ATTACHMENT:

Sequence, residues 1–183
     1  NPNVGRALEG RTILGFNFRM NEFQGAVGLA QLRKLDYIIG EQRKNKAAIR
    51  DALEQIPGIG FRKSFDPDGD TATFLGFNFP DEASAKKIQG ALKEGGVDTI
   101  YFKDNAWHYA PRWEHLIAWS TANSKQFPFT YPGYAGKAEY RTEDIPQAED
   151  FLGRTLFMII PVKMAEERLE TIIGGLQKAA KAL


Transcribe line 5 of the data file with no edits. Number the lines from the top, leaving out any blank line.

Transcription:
   151  FLGRTLFMII PVKMAEERLE TIIGGLQKAA KAL